Among the last, haggard bands to return from the Badlands was that of Big Foot.... He tried to find safety at the town of Pine Ridge, but the soldiers found him first. Dying of pneumonia, Big Foot surrendered peacefully. He had the misfortune to fall into the hands of the Seventh Cavalry. Officers and men were revengeful and trigger-happy. They brought the Indians to a campsite near Wounded Knee, already well within the borders of the reservation.
Big Foot's group was surrounded by three thousand men. Guns were trained on them. Then their wagons and blankets were searched for weapons. A medicine man named Yellow Bird made the soldiers nervous by throwing dust at them and uttering war cries. A deaf-mute boy [probably Black Fox] dropped and accidentally discharged an old rifle. This was the signal for a general massacre. The Indians had been disarmed. They did not even have a half dozen weapons left. Chief Big Foot was shot down in the soldiers' tent where he had been under medical care. The Hotchkiss guns were pouring shells into groups of mothers and children. Out of 250 Indians, 200 were killed, 62 of them mothers and children.
The soldiers had about sixty men killed and wounded, most of them by their own bullets. As the soldiers fired into the camp from opposite sides, they naturally hit many of their own comrades. The bodies of the Indians, frozen stiff into grotesque postures, were stacked up like corded wood and buried together in a ditch. A photographer took pictures. The soldiers would have souvenirs to send back to their families.
Richard Erdoes, The Sun Dance People: The Plains Indians, Their Past and Present, New York, NY, 1972, pp. 184-186
But the land was already claimed by a people when the cowboy came and when the soldiers came.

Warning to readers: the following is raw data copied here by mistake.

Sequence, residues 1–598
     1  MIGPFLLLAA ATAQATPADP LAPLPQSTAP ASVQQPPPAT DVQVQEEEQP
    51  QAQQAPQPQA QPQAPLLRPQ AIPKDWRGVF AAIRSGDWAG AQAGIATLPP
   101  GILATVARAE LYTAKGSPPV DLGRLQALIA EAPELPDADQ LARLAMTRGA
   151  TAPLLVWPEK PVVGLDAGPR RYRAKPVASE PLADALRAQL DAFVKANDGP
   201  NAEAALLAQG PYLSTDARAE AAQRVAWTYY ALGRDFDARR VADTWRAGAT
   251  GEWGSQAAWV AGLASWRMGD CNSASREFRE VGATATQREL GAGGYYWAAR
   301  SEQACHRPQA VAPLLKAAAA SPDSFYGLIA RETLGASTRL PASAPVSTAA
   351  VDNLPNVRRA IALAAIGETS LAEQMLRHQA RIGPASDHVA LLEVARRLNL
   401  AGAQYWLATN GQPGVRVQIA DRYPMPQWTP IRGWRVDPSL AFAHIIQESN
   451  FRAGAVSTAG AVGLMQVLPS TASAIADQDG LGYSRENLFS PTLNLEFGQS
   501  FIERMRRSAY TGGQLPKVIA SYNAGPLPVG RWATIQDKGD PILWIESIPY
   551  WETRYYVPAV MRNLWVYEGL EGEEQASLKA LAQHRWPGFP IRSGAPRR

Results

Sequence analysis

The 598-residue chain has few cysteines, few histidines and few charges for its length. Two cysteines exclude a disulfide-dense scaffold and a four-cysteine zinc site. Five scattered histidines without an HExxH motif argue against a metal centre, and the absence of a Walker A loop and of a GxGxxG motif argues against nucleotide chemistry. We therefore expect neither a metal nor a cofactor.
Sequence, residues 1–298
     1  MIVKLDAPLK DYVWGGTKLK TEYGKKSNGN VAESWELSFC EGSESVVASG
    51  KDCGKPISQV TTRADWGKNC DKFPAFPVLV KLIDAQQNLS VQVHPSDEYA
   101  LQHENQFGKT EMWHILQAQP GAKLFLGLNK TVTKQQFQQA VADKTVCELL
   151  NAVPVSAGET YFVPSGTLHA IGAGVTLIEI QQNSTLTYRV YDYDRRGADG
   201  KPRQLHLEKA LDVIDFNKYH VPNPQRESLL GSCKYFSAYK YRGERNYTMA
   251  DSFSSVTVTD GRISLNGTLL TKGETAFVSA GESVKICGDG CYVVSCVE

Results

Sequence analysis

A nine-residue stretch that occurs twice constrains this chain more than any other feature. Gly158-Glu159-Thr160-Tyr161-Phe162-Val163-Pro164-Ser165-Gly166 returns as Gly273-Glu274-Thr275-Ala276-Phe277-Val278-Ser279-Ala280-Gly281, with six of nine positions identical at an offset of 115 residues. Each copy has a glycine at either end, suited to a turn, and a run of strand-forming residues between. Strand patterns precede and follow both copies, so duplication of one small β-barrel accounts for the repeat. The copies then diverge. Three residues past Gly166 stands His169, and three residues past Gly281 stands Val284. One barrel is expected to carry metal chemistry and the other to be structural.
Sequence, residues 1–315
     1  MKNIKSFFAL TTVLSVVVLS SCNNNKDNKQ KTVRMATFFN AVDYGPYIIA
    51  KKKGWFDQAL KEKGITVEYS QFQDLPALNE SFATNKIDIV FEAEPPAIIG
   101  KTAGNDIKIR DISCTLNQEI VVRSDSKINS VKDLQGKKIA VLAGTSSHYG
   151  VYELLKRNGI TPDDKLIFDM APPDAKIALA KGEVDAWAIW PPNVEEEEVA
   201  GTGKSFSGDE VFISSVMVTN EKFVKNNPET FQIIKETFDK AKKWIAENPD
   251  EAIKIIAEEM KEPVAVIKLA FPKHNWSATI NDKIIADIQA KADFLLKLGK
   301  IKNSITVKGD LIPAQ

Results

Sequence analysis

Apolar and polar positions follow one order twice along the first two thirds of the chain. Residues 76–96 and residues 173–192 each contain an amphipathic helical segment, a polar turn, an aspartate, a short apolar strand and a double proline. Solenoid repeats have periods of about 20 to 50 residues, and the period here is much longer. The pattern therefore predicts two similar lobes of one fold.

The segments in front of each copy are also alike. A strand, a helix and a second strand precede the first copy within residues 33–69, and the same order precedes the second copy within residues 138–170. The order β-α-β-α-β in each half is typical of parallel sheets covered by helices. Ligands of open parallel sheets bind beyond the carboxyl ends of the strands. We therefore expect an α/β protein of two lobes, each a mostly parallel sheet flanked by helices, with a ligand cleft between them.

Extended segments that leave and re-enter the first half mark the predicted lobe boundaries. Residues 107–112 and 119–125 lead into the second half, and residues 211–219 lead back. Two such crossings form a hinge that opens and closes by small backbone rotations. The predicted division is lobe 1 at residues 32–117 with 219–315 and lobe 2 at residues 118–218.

The story of the American Indian is in a lot of ways a story of tragedy,
like that day at Wounded Knee, South Dakota.
Big Foot was an Indian chief
Of the Minneconjou band,
A band of Minneconjou Sioux
From South Dakota land.
Big Foot said to Custer,
"Stay away from Crazy Horse."
But Custer crossed into Sioux land,
And he never came back across.
Then Big Foot led his people
To a place called Wounded Knee,
And they found themselves surrounded
By the 7th Cavalry.
Big chief Big Foot,
Rise up from your bed,
Minneconjou babies cry
For their mothers lying dead.
Big Foot was down with a fever
When he reached Wounded Knee;
And his people all were prisoners
Of the 7th Cavalry.
Two hundred women and children
And another hundred men
Raised up a white flag of peace,
But peace did not begin.
An accidental gunshot
And Big Foot was first to die;
And over the noise of the rifles
You could hear the babies cry.
Big chief Big Foot,
It's good that you can't see
Revenge is being wrought
By Custer's 7th Cavalry.
Then smoke hung over the canyon
On that cold December day.
All was death and dying
Around where Big Foot lay.
Farther on up the canyon
Some had tried to run and hide;
But death showed no favorites,
Women, men, and children died.
One side called it a "massacre,"
The other a "victory,"
But the white flag is still waving
Today at Wounded Knee.
Big chief Big Foot,
Your Minneconjou band
Is more than remembered here
In South Dakota land.